I have recently had the pleasure of collaborating with artist Beatrice von Preussen in my capacity as Mentor & Consultant. Beatrice's love for the Natural World is highly evident in her portfolio as is her passion to inspire the next generation of conservationists to engage and value the world around us.
Artist in Residence at Battersea Zoo, Beatrice runs nature inspired workshops for children, also working with Dr Lil Stevens, an expert in Palaoezoic Palaeobotany at the Natural History Museum, looking at the relationship between art, nature, and science and how artists and scientists can benefit from working alongside one another.
Beatrice's recent trip to the Arctic, alongside a thirty-strong group of artists & scientists, has included three weeks sailing to Svalbard, on board the "Antigua", undoubtedly the trip of a lifetime.
I have been captivated by following Beatrice's visual diaries on social media and met up with Beatrice on her return to find out more about the stories behind her captivating and memorable photographic moments.
Read on to learn more about Beatrice's Arctic Adventure!
How did you end up visiting the Arctic circle?!
"Having long been fascinated by the north I was awarded a Winston Churchill Memorial Trust grant to travel to Svalbard and take part in an expedition in the high arctic. I sailed around the archipeligo in a Tall Ship with 30 other artists and scientists from all over the world".
What is your most memorable/moving moment of the trip?
"One of our sound artists had a hydrophone which we dropped down over the side of the ship, we heard the most extraordinary sounds like early Dr Who sound effects and we thought that the microphone had gone wrong. Our amazing nature guide revealed that we were actually hearing the bearded seals singing to one another. And then we heard whale song. When I went to bed I realised that I could hear this wonderful concert from my bunk, through the metal hull of the ship".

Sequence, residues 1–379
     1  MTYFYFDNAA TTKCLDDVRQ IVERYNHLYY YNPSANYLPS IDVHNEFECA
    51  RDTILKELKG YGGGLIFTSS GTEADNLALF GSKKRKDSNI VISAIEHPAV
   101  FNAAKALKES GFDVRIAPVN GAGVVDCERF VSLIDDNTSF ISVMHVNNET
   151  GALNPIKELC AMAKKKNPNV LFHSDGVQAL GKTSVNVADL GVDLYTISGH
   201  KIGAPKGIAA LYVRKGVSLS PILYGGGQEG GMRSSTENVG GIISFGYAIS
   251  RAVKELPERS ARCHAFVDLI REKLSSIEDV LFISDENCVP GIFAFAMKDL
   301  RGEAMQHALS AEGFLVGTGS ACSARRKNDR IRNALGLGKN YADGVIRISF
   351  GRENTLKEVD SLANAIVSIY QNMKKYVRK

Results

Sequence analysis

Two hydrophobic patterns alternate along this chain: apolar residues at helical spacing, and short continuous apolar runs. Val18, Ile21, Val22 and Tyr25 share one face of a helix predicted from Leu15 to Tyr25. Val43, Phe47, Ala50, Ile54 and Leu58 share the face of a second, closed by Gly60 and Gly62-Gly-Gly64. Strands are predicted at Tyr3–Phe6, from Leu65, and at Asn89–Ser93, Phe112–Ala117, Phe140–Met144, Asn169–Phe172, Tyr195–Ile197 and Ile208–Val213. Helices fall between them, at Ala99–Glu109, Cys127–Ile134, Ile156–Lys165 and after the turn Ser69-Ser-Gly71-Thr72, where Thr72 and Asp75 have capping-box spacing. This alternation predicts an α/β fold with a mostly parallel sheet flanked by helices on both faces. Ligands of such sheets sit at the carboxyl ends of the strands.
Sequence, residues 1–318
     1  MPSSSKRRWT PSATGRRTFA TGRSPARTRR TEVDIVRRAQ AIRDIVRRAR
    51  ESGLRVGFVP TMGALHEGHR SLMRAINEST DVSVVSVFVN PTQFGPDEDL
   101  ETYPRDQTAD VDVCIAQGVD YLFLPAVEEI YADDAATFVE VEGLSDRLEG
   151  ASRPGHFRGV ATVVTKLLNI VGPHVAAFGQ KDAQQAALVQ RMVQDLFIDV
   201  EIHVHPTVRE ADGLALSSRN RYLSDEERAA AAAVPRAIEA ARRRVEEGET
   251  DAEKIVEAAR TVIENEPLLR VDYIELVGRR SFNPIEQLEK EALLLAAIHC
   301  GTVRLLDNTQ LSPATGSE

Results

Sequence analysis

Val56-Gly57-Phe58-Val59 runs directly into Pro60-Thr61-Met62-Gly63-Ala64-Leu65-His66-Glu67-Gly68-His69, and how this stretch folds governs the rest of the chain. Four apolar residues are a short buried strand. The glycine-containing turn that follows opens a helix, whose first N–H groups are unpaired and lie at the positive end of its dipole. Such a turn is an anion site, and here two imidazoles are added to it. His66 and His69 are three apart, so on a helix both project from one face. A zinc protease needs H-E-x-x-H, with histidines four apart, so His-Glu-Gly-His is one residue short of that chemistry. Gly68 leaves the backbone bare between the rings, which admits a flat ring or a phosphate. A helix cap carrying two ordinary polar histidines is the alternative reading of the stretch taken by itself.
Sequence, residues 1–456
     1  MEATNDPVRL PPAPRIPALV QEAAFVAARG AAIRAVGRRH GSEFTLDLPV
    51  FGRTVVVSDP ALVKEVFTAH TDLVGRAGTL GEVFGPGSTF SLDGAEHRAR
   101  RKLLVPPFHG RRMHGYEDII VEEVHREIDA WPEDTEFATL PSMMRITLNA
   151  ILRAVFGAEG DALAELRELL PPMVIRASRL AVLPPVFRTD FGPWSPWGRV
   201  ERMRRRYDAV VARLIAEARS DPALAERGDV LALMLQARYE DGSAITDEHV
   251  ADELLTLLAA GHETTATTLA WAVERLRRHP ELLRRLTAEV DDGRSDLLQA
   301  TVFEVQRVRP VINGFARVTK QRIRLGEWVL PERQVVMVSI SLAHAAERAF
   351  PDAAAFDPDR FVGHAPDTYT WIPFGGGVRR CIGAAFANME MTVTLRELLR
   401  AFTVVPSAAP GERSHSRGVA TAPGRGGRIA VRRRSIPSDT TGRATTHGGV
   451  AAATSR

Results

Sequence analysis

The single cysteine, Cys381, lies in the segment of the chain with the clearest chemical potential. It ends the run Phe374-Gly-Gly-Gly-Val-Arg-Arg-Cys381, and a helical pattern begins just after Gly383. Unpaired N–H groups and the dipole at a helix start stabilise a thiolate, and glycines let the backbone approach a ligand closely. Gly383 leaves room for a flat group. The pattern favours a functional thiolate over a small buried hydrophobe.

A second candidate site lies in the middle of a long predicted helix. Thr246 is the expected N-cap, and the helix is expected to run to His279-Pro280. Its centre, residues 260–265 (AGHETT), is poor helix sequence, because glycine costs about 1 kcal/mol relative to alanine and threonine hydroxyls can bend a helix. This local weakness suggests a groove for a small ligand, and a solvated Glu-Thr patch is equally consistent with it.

What was the most surprising / unexpected part/discovery?
"During the time I was in Svalbard the sun never set, it just went round and round in the sky. I thought that this was going to be a problem but to my relief, although it was strange, I managed to sleep alright and didn't go mad!
I stayed in Longyearbyen for a month after the expedition and experienced the brief Arctic summer. Quite suddenly vivid green moss was covering the grey scree slopes and thousands of exquisite tiny flowers popped up all over the place".
What was the most challenging?
"I've been carrying out a fossil hunt with the micropaleontologists at the Natural History Museum. I wanted to get to a specific place to collect some limestone rocks but the weather was very bad on the only day It was possible to go. We had quite a hairy journey there, 14 miles in a small boat bumping over the huge waves. I was sitting on the side clinging on for dear life, I was terrified I was going to be pinged off the boat by a bump and you don't survive for long in that icy sea".
What was the most rewarding?
"Spending such an intense time with a diverse group of people all doing individual projects was incredibly rewarding. Everyone worked hard alongside one another sharing knowledge and ideas. Some good connections were made and collaborations seeded".
Which is your favourite piece of artwork or sketch etc from the trip?
"I made some drawings of Arctic Terns when they were attacking me, they are only quick sketches but I'm looking forward to working them up into some big paintings".
If you could pick just three of the photographs to sum up your amazing experience - which 3 would it be?
"This thing which looks like a mushroom is the inner ear bone of a seal. It is beautiful, surprising, interesting and a little bit sad".
"Me fossiling. I felt so happy and privileged to be having an experience I'd always dreamed of in a place I never imagined that I would be able to visit. I was also delighted to have actually found some fossils for the first time in my life despite years spent hacking the cliffs at Lyme Regis."
"Sailing. Silently gliding past icebergs in a beautiful ship powered by the wind".